Loneliness is a disease: it will claw at you and scrape your insides, hollow you out, but that’s not nearly enough, no. You’ll collapse in on yourself and it will still work on the individual pieces, if you let it. Lord I crawled back from the edge so many times, in the arms of friends, or floating on the bridge of a song. I’m not on solid ground yet, but I’m getting there.

I learned that you won’t always find the forgiveness you seek.
I learned that your mistakes cannot be undone.
I learned that life won’t always give you what you think you deserve.
I learned that your second chances will be spat upon and discarded.
I learned that pulling an all-nighter and chugging coffee won’t guarantee you that A.
I learned that you can’t stop people from walking out of your life.
I learned that ‘they’ won’t always like you.
I learned that you cannot fake affection (at least not for long).
I learned that that awkwardness never really fades with age.
I learned that burying your head in the sand just dirties up your hair.
To hold your tongue and take a deep breath and a step back
But I also learned that your scars give you character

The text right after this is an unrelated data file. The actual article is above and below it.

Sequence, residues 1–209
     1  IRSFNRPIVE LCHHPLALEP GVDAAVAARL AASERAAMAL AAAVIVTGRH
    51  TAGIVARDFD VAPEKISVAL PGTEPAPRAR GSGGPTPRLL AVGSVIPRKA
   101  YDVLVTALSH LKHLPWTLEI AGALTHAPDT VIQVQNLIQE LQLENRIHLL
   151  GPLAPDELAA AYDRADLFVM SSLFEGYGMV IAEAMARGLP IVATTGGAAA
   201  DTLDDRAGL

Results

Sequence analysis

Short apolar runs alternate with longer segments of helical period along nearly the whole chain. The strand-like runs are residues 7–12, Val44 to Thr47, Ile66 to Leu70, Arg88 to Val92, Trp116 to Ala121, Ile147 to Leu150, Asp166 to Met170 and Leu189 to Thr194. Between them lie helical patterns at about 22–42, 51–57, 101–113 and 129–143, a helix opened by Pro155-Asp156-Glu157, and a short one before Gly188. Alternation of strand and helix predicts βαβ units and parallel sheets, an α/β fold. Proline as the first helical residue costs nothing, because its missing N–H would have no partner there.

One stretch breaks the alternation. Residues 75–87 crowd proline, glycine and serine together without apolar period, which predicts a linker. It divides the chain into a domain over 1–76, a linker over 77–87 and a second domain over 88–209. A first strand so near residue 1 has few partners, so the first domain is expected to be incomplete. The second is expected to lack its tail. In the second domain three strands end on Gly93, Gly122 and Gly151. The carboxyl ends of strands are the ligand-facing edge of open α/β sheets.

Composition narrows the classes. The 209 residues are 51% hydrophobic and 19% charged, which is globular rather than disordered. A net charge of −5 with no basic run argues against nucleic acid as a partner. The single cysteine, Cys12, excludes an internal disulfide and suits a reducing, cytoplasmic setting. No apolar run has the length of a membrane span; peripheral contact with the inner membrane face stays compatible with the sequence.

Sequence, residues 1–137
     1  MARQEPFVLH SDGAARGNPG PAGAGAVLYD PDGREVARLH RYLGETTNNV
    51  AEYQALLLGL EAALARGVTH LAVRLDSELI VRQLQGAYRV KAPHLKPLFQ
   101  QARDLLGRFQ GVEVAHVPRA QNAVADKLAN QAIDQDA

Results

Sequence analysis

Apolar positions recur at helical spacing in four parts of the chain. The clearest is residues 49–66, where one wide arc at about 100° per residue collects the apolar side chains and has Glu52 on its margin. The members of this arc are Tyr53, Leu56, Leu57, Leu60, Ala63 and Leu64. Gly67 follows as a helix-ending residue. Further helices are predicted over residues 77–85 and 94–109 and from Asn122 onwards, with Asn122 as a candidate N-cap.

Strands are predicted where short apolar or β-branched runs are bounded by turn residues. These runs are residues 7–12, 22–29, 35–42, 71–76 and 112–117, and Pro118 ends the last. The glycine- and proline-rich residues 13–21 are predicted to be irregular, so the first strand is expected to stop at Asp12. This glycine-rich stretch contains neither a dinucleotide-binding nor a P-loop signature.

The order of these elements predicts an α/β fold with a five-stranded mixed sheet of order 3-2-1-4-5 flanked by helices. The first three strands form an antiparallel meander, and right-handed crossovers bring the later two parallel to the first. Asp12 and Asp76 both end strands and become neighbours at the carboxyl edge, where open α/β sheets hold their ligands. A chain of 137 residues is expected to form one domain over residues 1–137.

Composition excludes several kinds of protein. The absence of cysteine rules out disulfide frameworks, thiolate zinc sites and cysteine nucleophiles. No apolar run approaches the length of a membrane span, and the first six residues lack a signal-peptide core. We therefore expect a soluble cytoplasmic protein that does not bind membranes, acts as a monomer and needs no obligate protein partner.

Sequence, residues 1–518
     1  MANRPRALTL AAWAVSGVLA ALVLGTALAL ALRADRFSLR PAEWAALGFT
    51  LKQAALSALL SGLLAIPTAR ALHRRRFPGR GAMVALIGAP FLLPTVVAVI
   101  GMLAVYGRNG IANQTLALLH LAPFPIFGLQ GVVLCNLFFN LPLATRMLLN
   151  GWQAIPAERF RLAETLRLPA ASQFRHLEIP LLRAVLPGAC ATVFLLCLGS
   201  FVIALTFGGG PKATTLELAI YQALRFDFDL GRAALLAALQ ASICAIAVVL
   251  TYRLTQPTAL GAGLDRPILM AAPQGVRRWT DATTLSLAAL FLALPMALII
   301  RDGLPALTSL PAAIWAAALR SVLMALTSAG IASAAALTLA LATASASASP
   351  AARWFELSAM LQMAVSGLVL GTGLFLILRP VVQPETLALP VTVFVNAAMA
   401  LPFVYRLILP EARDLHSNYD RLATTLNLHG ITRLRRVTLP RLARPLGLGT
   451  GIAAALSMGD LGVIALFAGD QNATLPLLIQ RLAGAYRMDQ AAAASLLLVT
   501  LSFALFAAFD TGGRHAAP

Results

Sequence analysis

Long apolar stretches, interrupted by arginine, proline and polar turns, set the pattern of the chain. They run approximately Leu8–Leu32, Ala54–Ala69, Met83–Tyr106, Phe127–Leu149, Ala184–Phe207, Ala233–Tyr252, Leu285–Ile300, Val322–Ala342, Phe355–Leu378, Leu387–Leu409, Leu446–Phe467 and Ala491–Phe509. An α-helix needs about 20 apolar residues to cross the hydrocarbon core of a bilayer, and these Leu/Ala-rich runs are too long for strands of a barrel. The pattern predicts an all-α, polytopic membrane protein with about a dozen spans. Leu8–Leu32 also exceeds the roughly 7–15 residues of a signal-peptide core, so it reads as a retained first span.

To carry along that stone you stumbled over
To find warmth within in the dead of winter
That a baby’s giggle is the greatest anti-depressant
The beauty in companionable silence
The magic in watching the sun rise

I made friends, wonderful wonderful people I’d give an arm for.
I struggled with my spirituality. Mother says He’ll flip my world on its head when He’s ready (hurry Big Guy, I’m so tired.)

Most importantly? I learned to walk, to keep my back straight and my head high, to perfect that easy grace, drop that adolescent stoop, arms lax, lazy eyes. The haughtiness and polite aloofness of a prince. Nowhere near the swanky proud lion I’ll become, but far from the scared cowering cub I was a year ago.

My mane is taking its time to grow out and my thin frame is under constant strain, no way equipped for the proud bearing I’ve assumed, but like I said, I’m growing into it.


Thank you very much Emmanuel. Continue growing.

Olumide will take us through his year on here tomorrow. See you 🙂